A founder of "The Independent" explores what a Trump presidency could mean for the arts.
Image by Gage Skidmore.
We don’t know much about Donald Trump’s art policies. We do have a sense of his aesthetic. He likes marble and especially gold—on walls and stairs and toilet seats. There is a portrait of him that hangs in one of his many real estate holdings. It’s not bad enough to be kitsch or primitive enough to be “outsider” but as a painting it’s pretty bad.
National Art and Culture Policies
Trump did not submit any plans for art and culture for public review before the election. But what can we surmise lies ahead for a Trump federal arts initiative? What appointments will he make to the Corporation for Public Broadcasting? Who will he name for the Federal Communication Commission? For the National Endowment for the Arts and National Endowment for the Humanities? What will be his stand on net neutrality? Will he privatize the National Park Service? Will he sell the federal museums on the Mall in DC? These venerable institutions are already under tremendous neo-liberal pressure to “monetize” their holdings. Are they just pussies up for grabbing? We don’t know what the future holds, but one can guess—and it’s terrifying.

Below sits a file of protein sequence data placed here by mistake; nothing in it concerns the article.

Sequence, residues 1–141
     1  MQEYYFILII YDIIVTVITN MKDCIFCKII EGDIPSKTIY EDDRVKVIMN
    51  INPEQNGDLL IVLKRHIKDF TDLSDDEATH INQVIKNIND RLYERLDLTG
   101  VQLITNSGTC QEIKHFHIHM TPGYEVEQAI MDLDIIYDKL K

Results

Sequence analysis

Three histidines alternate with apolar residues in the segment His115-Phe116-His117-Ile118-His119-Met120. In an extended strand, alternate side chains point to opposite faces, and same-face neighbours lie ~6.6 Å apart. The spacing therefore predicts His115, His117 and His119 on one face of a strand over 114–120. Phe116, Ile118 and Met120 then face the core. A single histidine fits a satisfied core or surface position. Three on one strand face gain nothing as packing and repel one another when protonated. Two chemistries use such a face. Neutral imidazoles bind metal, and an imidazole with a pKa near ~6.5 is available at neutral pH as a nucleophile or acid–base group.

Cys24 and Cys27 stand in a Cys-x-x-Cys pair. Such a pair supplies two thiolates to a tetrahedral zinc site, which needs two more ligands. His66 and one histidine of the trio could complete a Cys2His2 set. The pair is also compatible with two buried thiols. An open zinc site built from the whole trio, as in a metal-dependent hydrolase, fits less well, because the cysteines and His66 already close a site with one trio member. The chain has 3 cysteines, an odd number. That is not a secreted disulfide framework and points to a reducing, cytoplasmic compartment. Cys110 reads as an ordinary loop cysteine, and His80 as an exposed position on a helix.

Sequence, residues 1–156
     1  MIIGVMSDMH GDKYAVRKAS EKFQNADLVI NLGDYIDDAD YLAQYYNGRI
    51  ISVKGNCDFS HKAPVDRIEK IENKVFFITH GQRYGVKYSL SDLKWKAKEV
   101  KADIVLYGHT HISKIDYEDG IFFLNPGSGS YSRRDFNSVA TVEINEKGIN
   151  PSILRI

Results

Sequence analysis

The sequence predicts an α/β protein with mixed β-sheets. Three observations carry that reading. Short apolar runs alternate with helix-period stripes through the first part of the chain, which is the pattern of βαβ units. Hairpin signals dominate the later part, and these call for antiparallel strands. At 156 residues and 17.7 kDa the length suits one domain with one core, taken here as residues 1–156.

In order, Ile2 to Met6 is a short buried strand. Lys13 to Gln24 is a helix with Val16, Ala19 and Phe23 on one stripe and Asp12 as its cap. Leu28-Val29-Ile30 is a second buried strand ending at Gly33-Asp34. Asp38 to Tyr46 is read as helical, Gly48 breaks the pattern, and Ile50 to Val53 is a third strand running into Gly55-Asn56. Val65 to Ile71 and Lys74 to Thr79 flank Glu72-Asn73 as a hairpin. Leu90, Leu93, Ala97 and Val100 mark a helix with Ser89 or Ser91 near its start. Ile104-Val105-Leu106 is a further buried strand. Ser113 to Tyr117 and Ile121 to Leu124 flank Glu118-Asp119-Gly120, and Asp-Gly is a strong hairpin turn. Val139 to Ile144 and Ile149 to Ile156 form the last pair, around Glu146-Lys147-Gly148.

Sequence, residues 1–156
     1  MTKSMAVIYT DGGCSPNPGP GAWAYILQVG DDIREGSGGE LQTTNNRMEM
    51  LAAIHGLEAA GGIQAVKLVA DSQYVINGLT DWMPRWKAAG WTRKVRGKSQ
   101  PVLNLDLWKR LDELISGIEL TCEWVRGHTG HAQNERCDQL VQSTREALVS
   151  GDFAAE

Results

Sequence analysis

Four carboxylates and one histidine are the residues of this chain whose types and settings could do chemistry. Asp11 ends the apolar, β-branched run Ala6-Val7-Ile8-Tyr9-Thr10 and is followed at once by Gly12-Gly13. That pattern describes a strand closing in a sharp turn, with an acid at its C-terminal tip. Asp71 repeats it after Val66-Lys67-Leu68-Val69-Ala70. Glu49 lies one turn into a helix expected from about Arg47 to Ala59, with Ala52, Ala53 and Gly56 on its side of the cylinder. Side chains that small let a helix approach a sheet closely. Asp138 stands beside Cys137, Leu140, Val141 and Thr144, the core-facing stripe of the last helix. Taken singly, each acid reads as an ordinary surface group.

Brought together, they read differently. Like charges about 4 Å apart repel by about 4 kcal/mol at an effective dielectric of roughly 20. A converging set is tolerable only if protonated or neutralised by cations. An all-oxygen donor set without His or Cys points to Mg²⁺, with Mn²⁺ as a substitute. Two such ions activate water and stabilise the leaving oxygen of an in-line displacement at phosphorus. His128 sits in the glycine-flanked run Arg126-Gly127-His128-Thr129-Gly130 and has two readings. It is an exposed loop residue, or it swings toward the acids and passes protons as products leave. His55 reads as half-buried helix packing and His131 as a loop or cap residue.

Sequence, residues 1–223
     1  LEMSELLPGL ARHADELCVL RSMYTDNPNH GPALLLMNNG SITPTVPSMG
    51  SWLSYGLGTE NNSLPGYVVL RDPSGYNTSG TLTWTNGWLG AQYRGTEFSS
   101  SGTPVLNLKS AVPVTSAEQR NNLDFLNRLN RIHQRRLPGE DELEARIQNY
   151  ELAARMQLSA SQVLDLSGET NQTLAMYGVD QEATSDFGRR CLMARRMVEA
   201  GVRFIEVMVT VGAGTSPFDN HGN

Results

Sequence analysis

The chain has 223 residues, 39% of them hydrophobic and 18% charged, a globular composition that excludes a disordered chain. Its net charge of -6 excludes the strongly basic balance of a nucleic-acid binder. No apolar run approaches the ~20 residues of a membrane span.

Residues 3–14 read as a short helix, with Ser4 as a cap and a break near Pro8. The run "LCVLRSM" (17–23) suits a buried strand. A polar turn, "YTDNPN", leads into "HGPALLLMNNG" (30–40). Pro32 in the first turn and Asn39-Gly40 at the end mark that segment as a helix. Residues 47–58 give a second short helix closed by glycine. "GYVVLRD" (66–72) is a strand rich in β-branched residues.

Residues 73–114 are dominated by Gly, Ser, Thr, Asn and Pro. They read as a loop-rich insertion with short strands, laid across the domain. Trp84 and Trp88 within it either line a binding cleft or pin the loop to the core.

Whether or not Trump articulates his cultural policies, he will have an effect. There will be those arts administrators and curators who will be so worried about what Trump might say or do that they will pre-censor to avoid any criticism and/or budget cuts. As Trump is known for his vindictive personality, caution will prevail whenever there are “questionable” works. For the LGBT art community, this is almost as frightening as deportations are to immigrants. There is talk of reviving the Un-American Activities Committee, the Federal Witch Hunt in the 1950s that went after such cultural figures as Pete Seeger, Woody Guthrie, Humphrey Bogart, Lauren Bacall, Danny Kaye, Charlie Chaplin, Dalton Trumbo, John Howard Lawson, and dozens of others. The removal of many of these artists from creative work diminished U.S. culture for decades afterward. Will we be subjected to similar trauma?